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Google files patent claim against Microsoft, NokiaGoogle alleges Microsoft, Nokia are abusing mobile patents in complaint filed in Europe
SAN FRANCISCO (AP) ' Google lashed out at Microsoft and Nokia in a regulatory complaint, accusing them of illegally feeding mobile patents to a technology troll scavenging for billions of dollars in licensing fees that threaten to drive up the prices of cellphones and other wireless devices.
The claims were spelled out Thursday in a complaint filed with the European Commission, the chief regulator on that continent. Google Inc. also shared the complaint with the U.S. Justice Department and the Federal Trade Commission.
Microsoft Corp. brushed off Google's accusations as the "desperate tactic" of a company facing regulatory questions about its dominance of online search and digital advertising. Efforts to reach Nokia Corp. representatives at the company's headquarters in Finland late Thursday were unsuccessful.
Google's attack on Microsoft and Nokia escalates a legal brawl among technology giants trying to gain the upper hand in the rapidly growing market for mobile computing. Most of the fighting so far has been in the courtroom, where lawsuits and countersuits alleging patent infringements have been filed by Apple Inc., Samsung, Microsoft, Oracle Corp. Nokia, and HTC, among others.
Some of the missives have been aimed at Google and its business partners using its Android software for smartphones and other mobile devices. To protect itself, Google picked up 17,000 mobile patents in a $12.5 billion acquisition of Motorola Mobility Holdings that was completed last week.
Nokia joined forces with Microsoft last year when it agreed to adopt Windows as the operating system on its cellphones.
Google's complaint centers on 2,000 wireless patents that Nokia and Microsoft sold in September to MOSAID Technologies Inc., a company that specializes in collecting royalties on intellectual property. Companies that focus on extracting patent royalties instead of innovating are derisively known in the technology industry as "trolls."
MOSAID has made it clear it believes it is sitting on a potential gold mine.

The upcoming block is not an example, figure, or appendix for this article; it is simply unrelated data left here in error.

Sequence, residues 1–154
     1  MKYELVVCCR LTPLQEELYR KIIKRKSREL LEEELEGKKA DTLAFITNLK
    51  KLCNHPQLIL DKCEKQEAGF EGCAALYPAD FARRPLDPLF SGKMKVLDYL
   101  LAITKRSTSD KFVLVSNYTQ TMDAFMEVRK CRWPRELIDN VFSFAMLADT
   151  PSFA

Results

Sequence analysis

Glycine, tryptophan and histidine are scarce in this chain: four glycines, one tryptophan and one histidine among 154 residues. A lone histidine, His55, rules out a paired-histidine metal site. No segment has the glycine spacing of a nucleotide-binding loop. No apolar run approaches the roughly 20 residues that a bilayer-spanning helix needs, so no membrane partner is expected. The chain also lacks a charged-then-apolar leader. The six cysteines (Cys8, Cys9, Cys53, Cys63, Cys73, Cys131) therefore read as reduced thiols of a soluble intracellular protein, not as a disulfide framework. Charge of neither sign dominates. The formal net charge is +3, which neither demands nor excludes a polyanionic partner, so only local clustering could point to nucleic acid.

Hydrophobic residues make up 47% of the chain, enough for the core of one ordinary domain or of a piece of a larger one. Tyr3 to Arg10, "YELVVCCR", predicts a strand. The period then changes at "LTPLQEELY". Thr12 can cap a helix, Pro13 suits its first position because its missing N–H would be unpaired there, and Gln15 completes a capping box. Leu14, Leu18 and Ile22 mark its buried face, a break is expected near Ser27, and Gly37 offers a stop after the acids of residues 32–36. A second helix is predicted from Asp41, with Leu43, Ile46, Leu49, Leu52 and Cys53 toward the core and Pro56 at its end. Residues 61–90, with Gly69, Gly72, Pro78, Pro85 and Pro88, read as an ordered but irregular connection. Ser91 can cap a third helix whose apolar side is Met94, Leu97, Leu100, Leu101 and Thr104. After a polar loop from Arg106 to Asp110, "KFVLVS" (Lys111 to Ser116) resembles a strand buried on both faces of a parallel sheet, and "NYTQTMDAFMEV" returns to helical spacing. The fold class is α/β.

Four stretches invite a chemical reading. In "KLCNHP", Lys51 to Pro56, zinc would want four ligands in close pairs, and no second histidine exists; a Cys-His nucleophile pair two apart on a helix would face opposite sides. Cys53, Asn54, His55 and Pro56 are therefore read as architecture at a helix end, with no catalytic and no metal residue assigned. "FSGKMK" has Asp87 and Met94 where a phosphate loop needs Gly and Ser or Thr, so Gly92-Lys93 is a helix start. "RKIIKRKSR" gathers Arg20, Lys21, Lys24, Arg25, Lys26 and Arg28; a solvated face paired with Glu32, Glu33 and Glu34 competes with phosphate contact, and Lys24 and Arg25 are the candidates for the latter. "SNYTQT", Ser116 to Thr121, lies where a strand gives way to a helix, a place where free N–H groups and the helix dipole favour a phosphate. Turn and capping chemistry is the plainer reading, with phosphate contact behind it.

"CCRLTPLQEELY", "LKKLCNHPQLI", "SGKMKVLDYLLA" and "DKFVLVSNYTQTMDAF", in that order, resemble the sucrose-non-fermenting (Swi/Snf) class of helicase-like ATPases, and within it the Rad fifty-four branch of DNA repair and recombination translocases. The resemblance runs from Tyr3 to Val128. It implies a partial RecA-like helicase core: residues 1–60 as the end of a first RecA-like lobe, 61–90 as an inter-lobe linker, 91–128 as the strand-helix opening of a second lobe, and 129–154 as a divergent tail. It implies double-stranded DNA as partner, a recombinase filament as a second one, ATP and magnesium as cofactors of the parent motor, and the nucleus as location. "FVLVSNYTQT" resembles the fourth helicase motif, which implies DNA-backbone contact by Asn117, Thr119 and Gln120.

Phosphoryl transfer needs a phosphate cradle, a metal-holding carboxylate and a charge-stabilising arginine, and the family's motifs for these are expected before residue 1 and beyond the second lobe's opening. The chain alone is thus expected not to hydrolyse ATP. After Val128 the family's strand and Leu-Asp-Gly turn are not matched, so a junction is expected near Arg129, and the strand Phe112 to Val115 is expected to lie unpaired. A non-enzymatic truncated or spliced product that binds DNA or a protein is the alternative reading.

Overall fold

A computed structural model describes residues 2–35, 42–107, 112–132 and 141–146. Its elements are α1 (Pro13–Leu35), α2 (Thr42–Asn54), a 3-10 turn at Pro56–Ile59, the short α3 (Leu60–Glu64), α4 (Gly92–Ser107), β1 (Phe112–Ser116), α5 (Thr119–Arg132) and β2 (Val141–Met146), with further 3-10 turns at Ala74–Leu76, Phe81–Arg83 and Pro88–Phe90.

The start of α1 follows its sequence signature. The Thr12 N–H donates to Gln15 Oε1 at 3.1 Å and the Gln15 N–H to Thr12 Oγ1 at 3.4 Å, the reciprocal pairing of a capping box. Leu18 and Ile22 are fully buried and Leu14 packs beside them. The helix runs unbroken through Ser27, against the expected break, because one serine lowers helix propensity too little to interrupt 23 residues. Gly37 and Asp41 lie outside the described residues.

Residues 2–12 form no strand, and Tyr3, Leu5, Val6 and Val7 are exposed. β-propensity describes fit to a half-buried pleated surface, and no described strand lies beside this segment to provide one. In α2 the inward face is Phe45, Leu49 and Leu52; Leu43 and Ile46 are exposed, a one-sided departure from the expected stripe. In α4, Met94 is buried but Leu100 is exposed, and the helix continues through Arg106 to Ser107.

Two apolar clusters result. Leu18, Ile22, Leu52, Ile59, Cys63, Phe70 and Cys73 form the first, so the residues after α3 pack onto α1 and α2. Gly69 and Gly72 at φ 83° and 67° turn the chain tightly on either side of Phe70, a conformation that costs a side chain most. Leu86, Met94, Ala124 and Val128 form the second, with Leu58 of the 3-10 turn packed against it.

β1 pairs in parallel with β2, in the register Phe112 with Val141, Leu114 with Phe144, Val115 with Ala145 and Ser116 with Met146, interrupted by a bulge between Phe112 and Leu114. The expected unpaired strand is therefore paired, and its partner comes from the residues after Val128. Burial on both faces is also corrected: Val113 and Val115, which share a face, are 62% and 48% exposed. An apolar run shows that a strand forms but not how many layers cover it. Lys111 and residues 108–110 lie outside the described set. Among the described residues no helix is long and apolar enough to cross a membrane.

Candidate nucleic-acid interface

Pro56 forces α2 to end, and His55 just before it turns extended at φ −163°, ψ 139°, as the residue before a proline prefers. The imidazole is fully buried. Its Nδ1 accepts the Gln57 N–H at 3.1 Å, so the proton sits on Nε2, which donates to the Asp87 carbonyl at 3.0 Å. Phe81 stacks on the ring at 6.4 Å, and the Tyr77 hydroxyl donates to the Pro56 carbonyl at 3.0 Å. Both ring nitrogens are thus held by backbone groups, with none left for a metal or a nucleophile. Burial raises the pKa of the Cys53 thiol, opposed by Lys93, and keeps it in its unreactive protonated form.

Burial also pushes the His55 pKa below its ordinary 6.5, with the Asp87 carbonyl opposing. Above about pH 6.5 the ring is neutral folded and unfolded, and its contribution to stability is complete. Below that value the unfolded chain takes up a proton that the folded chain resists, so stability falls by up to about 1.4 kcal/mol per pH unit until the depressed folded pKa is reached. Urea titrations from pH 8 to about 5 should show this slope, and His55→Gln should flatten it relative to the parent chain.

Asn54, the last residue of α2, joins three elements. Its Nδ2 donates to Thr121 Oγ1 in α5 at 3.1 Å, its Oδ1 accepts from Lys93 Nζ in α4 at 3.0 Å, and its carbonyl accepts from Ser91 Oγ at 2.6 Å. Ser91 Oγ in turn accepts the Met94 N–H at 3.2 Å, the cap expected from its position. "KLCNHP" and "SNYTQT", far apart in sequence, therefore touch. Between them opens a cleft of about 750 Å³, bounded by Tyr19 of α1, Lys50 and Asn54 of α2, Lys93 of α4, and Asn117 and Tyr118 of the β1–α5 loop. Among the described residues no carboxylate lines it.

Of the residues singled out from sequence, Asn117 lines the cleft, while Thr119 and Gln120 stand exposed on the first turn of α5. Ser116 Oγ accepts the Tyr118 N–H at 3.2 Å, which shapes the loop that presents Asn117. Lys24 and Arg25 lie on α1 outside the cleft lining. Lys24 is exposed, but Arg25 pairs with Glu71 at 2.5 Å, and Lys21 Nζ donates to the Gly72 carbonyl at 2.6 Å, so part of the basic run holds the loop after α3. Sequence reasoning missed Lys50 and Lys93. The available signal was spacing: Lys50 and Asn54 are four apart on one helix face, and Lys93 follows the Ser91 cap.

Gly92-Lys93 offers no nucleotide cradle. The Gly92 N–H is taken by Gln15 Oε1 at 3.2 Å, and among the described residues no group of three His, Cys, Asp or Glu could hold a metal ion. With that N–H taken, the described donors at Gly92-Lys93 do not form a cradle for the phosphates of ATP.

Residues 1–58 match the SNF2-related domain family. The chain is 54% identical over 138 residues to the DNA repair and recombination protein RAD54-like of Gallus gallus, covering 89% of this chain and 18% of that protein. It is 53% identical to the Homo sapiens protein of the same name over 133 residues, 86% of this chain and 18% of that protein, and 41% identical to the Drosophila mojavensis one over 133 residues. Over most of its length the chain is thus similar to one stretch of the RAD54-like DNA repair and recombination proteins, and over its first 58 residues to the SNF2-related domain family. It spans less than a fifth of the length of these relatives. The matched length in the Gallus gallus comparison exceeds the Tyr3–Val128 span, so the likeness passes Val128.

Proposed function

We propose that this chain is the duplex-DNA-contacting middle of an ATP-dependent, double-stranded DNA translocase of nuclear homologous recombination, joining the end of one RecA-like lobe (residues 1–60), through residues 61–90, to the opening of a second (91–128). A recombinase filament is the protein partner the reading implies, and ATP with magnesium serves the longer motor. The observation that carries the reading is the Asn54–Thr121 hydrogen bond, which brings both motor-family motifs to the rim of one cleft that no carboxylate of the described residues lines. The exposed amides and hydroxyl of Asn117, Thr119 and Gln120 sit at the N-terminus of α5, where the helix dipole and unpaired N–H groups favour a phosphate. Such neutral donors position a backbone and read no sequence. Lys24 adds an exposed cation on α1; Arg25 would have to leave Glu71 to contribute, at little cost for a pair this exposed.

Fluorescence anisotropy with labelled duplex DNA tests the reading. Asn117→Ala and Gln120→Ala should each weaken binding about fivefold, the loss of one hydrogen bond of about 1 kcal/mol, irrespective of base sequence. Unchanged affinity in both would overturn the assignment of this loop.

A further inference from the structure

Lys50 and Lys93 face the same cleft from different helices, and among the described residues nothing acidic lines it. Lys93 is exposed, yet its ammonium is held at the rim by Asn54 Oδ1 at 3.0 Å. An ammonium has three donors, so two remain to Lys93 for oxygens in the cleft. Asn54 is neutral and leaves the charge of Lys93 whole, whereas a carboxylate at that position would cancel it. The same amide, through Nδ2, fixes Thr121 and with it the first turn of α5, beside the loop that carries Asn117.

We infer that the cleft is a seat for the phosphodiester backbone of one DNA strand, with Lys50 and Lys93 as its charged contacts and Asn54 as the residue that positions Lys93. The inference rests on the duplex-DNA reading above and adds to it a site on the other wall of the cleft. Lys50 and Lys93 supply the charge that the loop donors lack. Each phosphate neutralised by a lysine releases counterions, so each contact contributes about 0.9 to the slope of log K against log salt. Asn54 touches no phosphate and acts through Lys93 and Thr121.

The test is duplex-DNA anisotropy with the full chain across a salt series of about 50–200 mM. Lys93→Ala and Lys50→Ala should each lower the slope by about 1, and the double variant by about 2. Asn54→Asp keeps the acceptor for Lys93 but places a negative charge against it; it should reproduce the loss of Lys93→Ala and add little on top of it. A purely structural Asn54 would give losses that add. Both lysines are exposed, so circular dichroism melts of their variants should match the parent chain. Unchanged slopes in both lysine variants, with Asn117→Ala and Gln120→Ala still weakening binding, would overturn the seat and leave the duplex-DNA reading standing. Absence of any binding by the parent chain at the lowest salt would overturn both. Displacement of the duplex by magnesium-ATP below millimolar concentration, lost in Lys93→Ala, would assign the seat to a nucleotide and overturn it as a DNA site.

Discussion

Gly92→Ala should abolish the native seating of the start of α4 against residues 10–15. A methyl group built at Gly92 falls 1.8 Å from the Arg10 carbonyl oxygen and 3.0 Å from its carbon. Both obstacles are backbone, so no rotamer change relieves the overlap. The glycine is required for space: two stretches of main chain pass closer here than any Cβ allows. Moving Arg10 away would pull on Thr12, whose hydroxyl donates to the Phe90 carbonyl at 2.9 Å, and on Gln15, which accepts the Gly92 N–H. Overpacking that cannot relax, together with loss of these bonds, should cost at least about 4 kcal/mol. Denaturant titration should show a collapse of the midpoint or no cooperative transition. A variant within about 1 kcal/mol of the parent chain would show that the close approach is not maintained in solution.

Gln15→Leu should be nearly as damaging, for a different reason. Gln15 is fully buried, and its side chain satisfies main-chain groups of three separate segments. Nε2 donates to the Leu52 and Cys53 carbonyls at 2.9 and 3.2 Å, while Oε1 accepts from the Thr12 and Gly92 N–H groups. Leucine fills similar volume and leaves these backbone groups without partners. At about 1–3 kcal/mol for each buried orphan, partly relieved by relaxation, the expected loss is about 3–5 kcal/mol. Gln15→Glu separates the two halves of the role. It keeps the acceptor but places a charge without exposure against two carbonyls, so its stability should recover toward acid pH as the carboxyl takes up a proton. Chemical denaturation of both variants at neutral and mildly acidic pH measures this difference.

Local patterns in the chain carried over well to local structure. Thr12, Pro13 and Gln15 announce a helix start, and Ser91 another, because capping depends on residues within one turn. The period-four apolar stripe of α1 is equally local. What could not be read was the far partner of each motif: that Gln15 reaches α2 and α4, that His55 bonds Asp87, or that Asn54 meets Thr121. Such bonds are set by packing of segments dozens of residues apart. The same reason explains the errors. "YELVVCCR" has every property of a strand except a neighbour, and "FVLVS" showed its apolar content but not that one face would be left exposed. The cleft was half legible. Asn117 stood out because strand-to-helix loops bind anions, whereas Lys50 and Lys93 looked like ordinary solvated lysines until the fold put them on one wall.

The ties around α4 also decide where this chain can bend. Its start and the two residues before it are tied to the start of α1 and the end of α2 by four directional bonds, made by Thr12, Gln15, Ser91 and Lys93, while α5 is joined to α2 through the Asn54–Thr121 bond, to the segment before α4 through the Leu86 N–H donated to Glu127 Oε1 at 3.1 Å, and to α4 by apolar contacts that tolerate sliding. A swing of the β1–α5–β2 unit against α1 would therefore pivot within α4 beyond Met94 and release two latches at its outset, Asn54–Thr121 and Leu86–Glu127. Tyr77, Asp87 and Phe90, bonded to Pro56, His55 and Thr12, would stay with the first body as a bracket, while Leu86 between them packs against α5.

After Nokia and Microsoft handed over the patents, MOSAID estimated the royalties from the intellectual property rights could bring it more $1 billion in revenue over the next decade. Under terms of the sale, MOSAID keeps one-third of the revenue from the patent royalties with the remainder going to Nokia and Microsoft. That mean's MOSAID's revenue estimates imply the patents could generate licensing fees of $3 billion during the next decade.
MOSAID declined to comment Thursday. The company, which is based in Ottawa, Ontario, already is suing iPhone and iPad maker Apple for alleged patent infringement in a Texas federal court.
The portfolio that Nokia and Microsoft transferred to MOSAID is valuable because about 1,200 of the patents are considered to be "essential" to the operation of most mobile devices running on 2G, 3G and 4G wireless networks.
Some of the patents cover parts of open-source software known as the Linux Kernel, a form of freely available computer coding that Google used in building its Android operating system. Google alleges MOSAID is reneging on a commitment that Nokia made in a 2005 regulatory filing when the company pledged not to enforce patents against software relying on the Linux Kernel.
"Nokia and Microsoft are colluding to raise the costs of mobile devices for consumers, creating patent trolls that side-step promises both companies have made," Google said in a statement. "They should be held accountable, and we hope our complaint spurs others to look into these practices."
In its statement, Microsoft alluded to investigations in the U.S. and Europe into allegations that Google has been abusing its influential role in Internet search to thwart competition and increase advertising rates.
Google "is complaining about antitrust in the smartphone industry when it controls more than 95 percent of mobile search and advertising," Microsoft said. "This seems like a desperate tactic on their part."
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